Iceland is one of seven European countries in the top 10 of the Global Entrepreneurship Index, in which it currently ranks seventh. Can you tell us a bit about your journey as an entrepreneur in Iceland and the challenges you faced?
Like any location, Iceland offers both strengths and weaknesses. It is a great place to take the first steps, with an excellent support network for early-stage startups. Iceland also enables you to do things fast: we were able to close sales with Icelandic banks faster than we could have done elsewhere. It’s a dynamic, fast-paced economy, with world-class talent and technologies. However, once you grow beyond a certain size the market quickly becomes too small. It has a small population and the talent pool, while fantastic given the size of our country, is not very deep. Iceland is great for the first steps but one of the challenges is that, beyond that, you have to build in parallel elsewhere as well. I moved to Stockholm to set up a sales arm for the company before it was one-year old and, since then, we’ve grown in parallel in Iceland and other locations. Iceland is still where we have our largest office but we have sales in London, and research and development (R&D) in Stockholm and Warsaw, with additional teams in Singapore, Barcelona and Helsinki.
Funding is also relatively favorable, with government grants and private venture capital funds that help in the early stages. Most good companies can usually get funded in the early stage—but then again, the challenge is when you reach your growth stage and need to meet the corresponding market. So, you have to be international and then fundraise elsewhere. Another challenge is the legal environment: it is fine and progressive, but international investors may find it difficult to invest simply because they don’t know it. They are more comfortable investing in better-known domiciles, such as the U.S., the U.K. or the Netherlands. Those are the challenges but once you are aware of them, there is always a way to overcome them.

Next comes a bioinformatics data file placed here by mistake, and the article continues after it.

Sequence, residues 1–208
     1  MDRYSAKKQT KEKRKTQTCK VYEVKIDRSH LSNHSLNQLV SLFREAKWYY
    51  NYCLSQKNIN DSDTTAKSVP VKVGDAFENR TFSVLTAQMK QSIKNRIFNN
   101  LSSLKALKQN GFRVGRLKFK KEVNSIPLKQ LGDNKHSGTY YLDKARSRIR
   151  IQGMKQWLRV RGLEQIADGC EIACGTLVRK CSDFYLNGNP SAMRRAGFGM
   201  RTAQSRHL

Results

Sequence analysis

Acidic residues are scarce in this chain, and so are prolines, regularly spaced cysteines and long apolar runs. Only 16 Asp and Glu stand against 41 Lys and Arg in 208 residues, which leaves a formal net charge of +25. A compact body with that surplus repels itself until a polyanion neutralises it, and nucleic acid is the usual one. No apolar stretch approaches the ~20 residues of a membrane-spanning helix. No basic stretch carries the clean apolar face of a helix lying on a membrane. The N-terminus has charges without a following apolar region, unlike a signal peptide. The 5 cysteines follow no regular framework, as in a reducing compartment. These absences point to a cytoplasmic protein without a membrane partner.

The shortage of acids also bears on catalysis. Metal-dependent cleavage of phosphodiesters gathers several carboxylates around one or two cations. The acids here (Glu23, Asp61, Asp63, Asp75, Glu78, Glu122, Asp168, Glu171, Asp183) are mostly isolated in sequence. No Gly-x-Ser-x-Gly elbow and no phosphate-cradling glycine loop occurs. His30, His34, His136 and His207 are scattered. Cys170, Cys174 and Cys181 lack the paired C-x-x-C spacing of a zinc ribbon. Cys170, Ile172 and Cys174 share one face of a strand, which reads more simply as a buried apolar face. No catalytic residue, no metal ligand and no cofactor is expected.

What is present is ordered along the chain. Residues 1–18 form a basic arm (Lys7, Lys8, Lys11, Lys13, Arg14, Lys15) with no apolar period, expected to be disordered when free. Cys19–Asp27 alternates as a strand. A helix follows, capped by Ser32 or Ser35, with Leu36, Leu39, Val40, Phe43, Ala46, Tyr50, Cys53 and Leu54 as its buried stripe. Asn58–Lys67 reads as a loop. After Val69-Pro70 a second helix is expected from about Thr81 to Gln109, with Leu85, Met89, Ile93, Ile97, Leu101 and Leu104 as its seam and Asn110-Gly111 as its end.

Innovation is at the heart of most tech startups. Your company is very much focused on customer experience and using technology to interpret data, add value to the end user and help people with their finances. Could you tell us about your latest innovation: the reward systems that you have put in place. Are these services already being rolled out and how is the market reacting to them?
Our Cashback Rewards platform is a very interesting service. We’ve built a business selling software to banks but one of the things we are doing now is building a multi-bank network to bring cashback rewards to digital banking. The challenge of many banks is offering some kind of loyalty or reward solutions. If you are a big bank with millions of users you are well positioned to bring loyalty and reward solutions to your customers because your scale makes you very interesting to the merchants. What cashback rewards means is that we are helping customers stretch their dollars by finding them discounts in the form of cashback rewards.
We personalize the rewards based on users’ spending history, essentially letting merchants compete for their business by making the best offer to consumers who are proven to be interested in their services or products. It’s an opt-in service we just launched with Nordea in Sweden in March. It was the first new service we rolled out since the start of the COVID-19 outbreak and it was well received. It helps you get cash back but also helps local businesses. Businesses are kind of competing for your money. It is tailored to your spending habits: if you go to a hardware store then this hardware store will compete for your business and offer you introductory discounts if you try their store. It’s a way to communicate between merchants and consumers inside the mobile bank. This is where the transaction comes into play.